Sunday, 13 October 2013

Ada Lovelace Day

Augusta Ada King, Countess of Lovelace (1815 - 1852), is more often known as Ada Lovelace, she was the only legitimate child of Lord Byron.  Ada was somewhat better at mathematics than me and is credited for her work with Charles Babbage the inventor of the 'Analytical Engine' an early mechanical computer and whilst this engine was never actually built, Ada is sometimes credited as the first computer programmer and she referred to herself as a 'poetical scientist', I like the sound of that. 

It was many years ago that I learned that the computer language 'Ada' is named after her.  The other reason that I know of her is that the method of programming of the Analytical Engine was to be via punched cards, based on the jaquard lace looms that used punched cards to create the lace patterns.  With her Nottingham links Ada might have been very familiar with these cards as it was a key lace making centre at this time, but it is Babbage who made the link between the punched cards and his machines.
I assume you are waiting for me to tell you that Ada was also an accomplished plantswoman and gardener.  Well she might have been but I cannot find any reference to this.  She did own a garden along with her then husband William King at Worthy Manor in Somerset, that contained a terrace called 'Philosophers Walk' where allegedly Ada and Babbage would walk and talk mathsy type stuff.  We do know that Ada worked on a algorithm for the Analytical Engine to compute Bernoulli numbers.  Now I have read what Bernoulli numbers are and, quite frankly, the only thing I know now about them remains their name, I am not mathematical beyond what my calculator can help with.  Anyway, back to the point, so picture the scene, Ada and Charles are walking along Philosophers Walk having a deep conversation about Bernoulli numbers when suddenly Ada sees a snail and starts talking about Fibonacci numbers and the golden ratio.  The conversation meanders along and she stops every now and again to admire a rose or pull a stray willow-herb that has self-seeded in the border.   (please note, I have just totally made this up, I have no idea if they discussed fibonacci or snails or what weeds if any were present, however in my head this is all totally possible).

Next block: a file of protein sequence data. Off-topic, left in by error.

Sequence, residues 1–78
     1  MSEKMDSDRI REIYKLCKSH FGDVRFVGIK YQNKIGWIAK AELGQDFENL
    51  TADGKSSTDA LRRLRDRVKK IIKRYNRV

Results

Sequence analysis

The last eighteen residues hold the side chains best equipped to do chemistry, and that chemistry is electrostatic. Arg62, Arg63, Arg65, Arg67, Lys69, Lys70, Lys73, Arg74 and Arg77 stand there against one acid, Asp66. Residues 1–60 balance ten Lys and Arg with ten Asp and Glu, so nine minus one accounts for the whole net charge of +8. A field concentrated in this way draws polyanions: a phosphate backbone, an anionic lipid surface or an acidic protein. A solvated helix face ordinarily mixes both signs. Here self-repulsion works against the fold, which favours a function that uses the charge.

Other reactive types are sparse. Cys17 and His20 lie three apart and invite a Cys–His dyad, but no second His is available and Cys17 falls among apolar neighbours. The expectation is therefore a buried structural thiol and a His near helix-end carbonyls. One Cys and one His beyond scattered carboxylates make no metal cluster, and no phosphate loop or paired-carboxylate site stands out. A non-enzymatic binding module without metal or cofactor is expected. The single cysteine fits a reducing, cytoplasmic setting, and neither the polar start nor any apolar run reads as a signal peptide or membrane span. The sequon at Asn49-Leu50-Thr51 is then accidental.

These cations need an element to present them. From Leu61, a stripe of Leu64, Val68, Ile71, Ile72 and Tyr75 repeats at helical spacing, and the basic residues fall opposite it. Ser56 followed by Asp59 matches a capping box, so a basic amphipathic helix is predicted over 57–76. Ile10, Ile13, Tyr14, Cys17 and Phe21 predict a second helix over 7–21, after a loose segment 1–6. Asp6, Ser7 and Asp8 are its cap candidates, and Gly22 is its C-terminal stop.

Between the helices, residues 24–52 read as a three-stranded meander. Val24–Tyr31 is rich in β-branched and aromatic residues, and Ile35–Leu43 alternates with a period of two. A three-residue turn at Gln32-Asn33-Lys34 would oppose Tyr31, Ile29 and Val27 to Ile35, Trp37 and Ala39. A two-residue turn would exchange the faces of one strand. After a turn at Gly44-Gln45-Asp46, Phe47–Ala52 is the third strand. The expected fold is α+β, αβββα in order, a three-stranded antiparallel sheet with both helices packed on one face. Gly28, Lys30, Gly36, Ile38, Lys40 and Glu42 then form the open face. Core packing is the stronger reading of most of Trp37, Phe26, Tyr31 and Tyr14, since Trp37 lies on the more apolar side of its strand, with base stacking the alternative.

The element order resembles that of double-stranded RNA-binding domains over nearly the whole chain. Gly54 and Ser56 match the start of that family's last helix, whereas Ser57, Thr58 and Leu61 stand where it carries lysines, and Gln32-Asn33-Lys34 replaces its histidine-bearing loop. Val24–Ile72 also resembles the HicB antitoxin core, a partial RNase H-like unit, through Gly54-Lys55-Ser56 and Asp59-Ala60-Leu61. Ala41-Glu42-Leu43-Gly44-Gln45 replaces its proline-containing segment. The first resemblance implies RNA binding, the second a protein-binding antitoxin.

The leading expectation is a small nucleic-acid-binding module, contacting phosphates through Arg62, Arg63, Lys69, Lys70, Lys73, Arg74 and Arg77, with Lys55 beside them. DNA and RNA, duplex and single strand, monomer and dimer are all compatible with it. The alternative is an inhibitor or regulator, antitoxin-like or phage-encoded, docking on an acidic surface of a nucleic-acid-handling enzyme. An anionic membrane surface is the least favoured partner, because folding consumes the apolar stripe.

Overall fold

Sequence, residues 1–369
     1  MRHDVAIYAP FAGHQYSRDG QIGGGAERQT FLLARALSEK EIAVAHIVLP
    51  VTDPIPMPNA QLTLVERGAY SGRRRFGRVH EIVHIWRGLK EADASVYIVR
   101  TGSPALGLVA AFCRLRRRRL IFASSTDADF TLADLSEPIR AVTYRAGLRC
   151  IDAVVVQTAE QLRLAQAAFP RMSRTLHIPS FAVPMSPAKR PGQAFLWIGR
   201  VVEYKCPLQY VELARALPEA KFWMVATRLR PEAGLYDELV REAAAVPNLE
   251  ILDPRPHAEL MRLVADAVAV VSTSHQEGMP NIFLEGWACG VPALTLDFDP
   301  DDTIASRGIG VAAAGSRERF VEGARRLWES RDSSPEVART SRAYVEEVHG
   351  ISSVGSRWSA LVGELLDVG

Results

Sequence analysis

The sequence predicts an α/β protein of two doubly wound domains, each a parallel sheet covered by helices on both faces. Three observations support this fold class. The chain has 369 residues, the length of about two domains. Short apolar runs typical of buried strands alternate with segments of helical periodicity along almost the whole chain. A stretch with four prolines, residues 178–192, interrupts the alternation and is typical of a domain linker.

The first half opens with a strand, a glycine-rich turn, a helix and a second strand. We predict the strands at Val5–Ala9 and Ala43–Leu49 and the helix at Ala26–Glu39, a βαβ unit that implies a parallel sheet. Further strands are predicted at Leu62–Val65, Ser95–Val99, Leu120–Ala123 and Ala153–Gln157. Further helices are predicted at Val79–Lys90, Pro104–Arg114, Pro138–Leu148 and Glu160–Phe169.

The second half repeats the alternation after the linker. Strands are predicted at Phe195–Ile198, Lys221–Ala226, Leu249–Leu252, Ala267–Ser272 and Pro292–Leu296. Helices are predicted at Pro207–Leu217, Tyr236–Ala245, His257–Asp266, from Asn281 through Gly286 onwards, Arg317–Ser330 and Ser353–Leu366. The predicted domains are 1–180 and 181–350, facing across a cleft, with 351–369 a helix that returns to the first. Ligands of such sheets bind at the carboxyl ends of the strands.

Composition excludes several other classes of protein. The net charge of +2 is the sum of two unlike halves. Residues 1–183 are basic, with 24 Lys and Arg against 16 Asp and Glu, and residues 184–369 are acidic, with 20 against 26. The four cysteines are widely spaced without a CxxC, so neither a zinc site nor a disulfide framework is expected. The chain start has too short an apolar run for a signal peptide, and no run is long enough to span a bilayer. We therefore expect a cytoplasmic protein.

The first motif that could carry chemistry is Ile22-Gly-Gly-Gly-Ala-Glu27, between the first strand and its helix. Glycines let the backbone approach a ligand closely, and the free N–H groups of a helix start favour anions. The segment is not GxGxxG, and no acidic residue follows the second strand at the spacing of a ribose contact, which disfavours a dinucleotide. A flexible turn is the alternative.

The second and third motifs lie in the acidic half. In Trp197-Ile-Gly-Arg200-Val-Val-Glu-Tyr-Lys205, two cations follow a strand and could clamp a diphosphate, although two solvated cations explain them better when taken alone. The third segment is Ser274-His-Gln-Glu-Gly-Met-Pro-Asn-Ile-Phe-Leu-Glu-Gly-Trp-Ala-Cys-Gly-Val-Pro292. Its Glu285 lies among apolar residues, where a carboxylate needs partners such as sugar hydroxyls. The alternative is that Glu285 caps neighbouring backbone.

So why am I writing about her in a gardening blog?  I cannot even find a plant named after her.

Why not?  She was impressive.

10 comments :

  1. My first job was typing software manuals for Ada for the MOD. It is amazing how these key people have been overlooked and, trying not to be sexist but.., it is normally the women. I read something in Hortus about a year ago about an amazing woman in Perth when it was first settled who sent back crates of plant material to the UK but there is nothing named after her and she is pretty much unknown.

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    1. History is littered with the gaps where women made significant contributions but this has been glossed over or just plain ignored.

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  2. I studied computer science so Ada is a long-time heroine of mine, though I can't claim that Ada was my favourite programming language. I share your disappointment that no plant has been named for her, she certainly deserves it. There again, it is generally true that extraordinary women are celebrated less than their male contempories.

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  3. Loved this! Thanks for taking the time out to share your words. I am learning so much 'stuff' from my twitter peeps :-)

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  4. Thanks for all the interesting information about Ada. YOu have a most interesting posting today. Like it much. Jack

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  5. Helen Johnstone might be pleased to know that Georgiana Molloy is being acknowledged here in Australia although no plant has been named after her to my knowledge. It would have to be a native though.
    I loved the information, real and imaginary about Ada Lovelace. So many plants are named after people. You might be interested in a post I put on my blog: http://stveda.blogspot.com.au

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    1. Thanks for this - love your blog post - anything that mentions Mary Webb and Gertrude Jekyll on the same page works for me :)

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  6. thanks all for your kind words.

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  7. I recall seeing the Babbage machine in the Natural History Museum in London years ago. The description next to it didn't mention Ada; I hope that's been updated now.

    I love the image you conjoured of Ada & Charles: even if it didn't happen that way, given how mathematical nature is, I'm sure it figured in their thinking somehow.

    Most enjoyable post Alison.

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